Bottle Fund preview: Cointreau cocktails

A very generous reader, and great lady, whom we’ll call Mel participated in the first, but private, bottle fund drive by bringing over a bottle of Cointreau, an orange and spiced liqueur that is used as a Triple sec in cocktails. Cointreau is 80-proof (Triple sec generally runs around 40-proof), so it slightly changes the recipes for many traditional cocktails. In a bar or restaurant, ordering a Cointreau Cosmo for instance, would get us a drink with more alcohol, subtle spiciness, and cost twice as much as a regular Cosmopolitan.

Is it worth it? Do we get what we pay for when we order premium liquors at a bar? Mostly no, but a little bit of yes, because the service industries mark up liquor tremendous amounts, usually around 300%, so liquor that’s more expensive to buy wholesale turns into very expensive cocktails. But premium liquors do bring something to table besides a higher tab. And, in this case, Cointreau does add a very nice flavor to some 3-ingredient cocktails listed below. When making cocktails at home, the premium on premium liquors is spread out, so although Cointreau is about 4-times more expensive than generic Triple sec, it might be worth it, especially when it gets to be a star player in these cocktails.

Mel, Mrs. Ferment, and I all tried these cocktails, except the Margarita, which I had to myself, since Mel and my wife don’t like the salt on the rim. Most of these drinks benefitted from the Cointreau, but the three that didn’t will be noted below.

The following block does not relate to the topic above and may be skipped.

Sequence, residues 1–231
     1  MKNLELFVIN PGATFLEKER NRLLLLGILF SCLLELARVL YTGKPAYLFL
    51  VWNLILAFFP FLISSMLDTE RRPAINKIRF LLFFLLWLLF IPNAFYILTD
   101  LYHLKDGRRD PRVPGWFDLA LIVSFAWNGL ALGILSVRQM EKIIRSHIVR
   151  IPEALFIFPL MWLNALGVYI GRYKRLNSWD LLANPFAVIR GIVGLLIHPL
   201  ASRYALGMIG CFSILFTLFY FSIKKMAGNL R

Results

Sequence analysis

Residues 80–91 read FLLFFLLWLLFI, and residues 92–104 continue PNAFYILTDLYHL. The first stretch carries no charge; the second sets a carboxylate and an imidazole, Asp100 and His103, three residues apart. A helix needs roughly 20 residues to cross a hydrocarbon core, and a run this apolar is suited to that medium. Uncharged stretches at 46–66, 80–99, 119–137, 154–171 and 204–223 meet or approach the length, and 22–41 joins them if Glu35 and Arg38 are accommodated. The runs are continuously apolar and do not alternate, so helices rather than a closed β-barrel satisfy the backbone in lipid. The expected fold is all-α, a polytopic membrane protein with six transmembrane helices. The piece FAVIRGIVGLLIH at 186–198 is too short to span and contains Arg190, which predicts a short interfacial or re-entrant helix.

A cocktail glass containing a Kami kaze made with Cointreau

A Kami kaze, ready to serve

Cointreau Kami Kaze

  • 1 jigger of vodka
  • 1 pony of Cointreau
  • 1 pony freshly squeezed lemon juice
  • enough ice to fill bottom third of the large cup to a Boston Shaker
  • lemon peel
Add vodka, Cointreau, and lemon juice to ice in shaker and shake. Strain into cocktail glass and drop in lemon peel.

The Kami kaze definitely benefited from the subtly of the Cointreau, which is far less sweet than the average Triple sec.

A cocktail glass containing a Sidecar made with Chalfonte Cognac and Cointreau

A premium delight: Sidecar made with Chalfonte Cognac and Cointreau

Cointreau Sidecar

  • 1 jigger of brandy
  • 1 oz. Cointreau
  • ½ oz. freshly squeezed lemon juice
  • enough ice to fill bottom third of the large cup to a Boston Shaker
  • lemon peel
Add brandy, Cointreau, and lemon juice to ice in shaker and shake. Strain into cocktail glass and drop in lemon peel. Optional: Rim the cocktail glass with sugar crystals before straining.

The Cointreau was a necessary in this one. Most Triple sec liqueurs are one-dimensional in flavor, and overwhelm the brandy. By the way, don’t rim the cocktail glass with sugar crystals. The Sidecar has a nice complex flavor that sugar just kills dead. Another added bonus using Cointreau over Triple Sec is this Sidecar has 20% more alcohol. It’s pretty toasty for a chilled cocktail.

A cocktail glass containing a White lady made with Cointreau

The White lady--doesn't look much different from the Kami kaze, but it sure does taste differently.

Cointreau White Lady

  • 1 jigger of gin
  • 1 pony Cointreau
  • 1 pony freshly squeezed lemon juice
  • enough ice to fill bottom third of the large cup to a Boston Shaker
  • lemon peel
Add gin, Cointreau, and lemon juice to ice in shaker and shake. Strain into cocktail glass and drop in lemon peel.